Secret prisons and many harsh methods of interrogation would be illegal on U.S. soil. It has been long assumed that the United States holds some of its more valuable and potentially dangerous captives — such as alleged terror mastermind Khalid Shaikh Mohammed — outside the country and beyond the jurisdiction of U.S. courts.”
-MSNBC, December 6, 2005

“In March 2003, the Italian national anti-terrorism police received an urgent message from the CIA about a radical Islamic cleric who had mysteriously vanished from Milan a few weeks before. The CIA reported that it had reliable information that the cleric, the target of an Italian criminal investigation, had fled to an unknown location in the Balkans.
In fact, according to Italian court documents and interviews with investigators, the CIA's tip was a deliberate lie, part of a ruse designed to stymie efforts by the Italian anti-terrorism police to track down the cleric, Hassan Mustafa Osama Nasr, an Egyptian refugee known as Abu Omar.
The strategy worked for more than a year until Italian investigators learned that Nasr had not gone to the Balkans after all. Instead, prosecutors here have charged, he was abducted off a street in Milan by a team of CIA operatives who took him to two U.S. military bases in succession and then flew him to Egypt, where he was interrogated and allegedly tortured by Egyptian security agents before being released to house arrest.”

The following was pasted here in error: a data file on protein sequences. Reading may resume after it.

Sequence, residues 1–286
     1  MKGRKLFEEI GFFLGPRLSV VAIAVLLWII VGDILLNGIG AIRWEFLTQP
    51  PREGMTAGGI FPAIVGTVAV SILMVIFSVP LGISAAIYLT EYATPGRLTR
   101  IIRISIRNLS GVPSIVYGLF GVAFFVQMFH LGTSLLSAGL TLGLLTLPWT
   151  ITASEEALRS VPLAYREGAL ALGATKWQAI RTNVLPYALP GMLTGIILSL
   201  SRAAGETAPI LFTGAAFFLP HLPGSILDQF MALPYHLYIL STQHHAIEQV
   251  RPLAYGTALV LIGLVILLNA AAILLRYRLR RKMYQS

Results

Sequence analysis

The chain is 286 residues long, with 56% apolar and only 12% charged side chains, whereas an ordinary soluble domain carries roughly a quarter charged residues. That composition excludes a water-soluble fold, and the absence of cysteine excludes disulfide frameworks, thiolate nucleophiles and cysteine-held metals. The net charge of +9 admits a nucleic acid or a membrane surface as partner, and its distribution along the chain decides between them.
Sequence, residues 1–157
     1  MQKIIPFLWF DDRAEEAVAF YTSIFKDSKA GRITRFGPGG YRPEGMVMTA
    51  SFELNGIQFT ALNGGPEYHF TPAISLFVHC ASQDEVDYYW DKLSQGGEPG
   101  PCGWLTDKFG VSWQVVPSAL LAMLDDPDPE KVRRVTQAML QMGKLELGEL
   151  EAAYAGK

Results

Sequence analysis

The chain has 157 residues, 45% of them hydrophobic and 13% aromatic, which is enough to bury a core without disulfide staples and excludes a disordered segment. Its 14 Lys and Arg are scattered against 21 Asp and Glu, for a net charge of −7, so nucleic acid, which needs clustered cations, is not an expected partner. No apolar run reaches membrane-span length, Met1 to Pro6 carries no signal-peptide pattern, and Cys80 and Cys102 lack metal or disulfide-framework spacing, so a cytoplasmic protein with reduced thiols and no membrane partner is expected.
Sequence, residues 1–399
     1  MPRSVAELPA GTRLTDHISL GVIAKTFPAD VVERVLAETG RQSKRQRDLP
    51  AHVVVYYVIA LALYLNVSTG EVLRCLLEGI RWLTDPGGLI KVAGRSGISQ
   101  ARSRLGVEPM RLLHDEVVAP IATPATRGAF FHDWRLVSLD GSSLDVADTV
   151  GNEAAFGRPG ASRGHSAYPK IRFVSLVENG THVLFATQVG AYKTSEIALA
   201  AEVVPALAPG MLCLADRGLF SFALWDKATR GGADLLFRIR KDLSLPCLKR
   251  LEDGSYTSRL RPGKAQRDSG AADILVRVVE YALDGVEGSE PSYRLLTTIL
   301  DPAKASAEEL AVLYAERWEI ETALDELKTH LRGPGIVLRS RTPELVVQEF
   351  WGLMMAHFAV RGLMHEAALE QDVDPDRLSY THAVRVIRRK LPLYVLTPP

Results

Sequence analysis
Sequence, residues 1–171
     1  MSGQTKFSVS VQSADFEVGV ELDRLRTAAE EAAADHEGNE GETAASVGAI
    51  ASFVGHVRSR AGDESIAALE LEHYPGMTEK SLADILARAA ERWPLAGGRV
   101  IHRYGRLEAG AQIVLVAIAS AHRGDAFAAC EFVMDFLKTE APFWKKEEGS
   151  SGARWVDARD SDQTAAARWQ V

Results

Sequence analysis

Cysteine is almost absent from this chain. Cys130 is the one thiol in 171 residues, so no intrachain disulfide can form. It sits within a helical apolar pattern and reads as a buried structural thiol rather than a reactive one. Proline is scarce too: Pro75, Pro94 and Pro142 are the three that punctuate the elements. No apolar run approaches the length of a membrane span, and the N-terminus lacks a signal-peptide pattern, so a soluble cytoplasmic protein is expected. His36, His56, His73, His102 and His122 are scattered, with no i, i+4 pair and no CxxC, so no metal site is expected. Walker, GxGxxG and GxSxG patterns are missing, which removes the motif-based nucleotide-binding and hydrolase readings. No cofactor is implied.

-Washington Post, December 5, 2005

“You see, we’ve been lying to our allies and using their airports as a way of transferring illegally apprehended prisoners to places where we can torture them beyond the sight of those snoopy human rights people. You know, secret military prisons themselves are illegal per the Geneva conventions. Not just if they are used to torture, but if they exist at all. Its that whole ‘ghost detainee’ issue that got them in trouble at Abu Ghraib (ok, the other issue.. the one that didn’t involve glowsticks, ice packed bodies and naked dogpiles of prisoners). Elsewhere in the world they at least are trying to improve their human rights record, and they take this kind of behavior by the ‘moral leader’ of the world kind of seriously. Maybe sometime we’ll get it right.”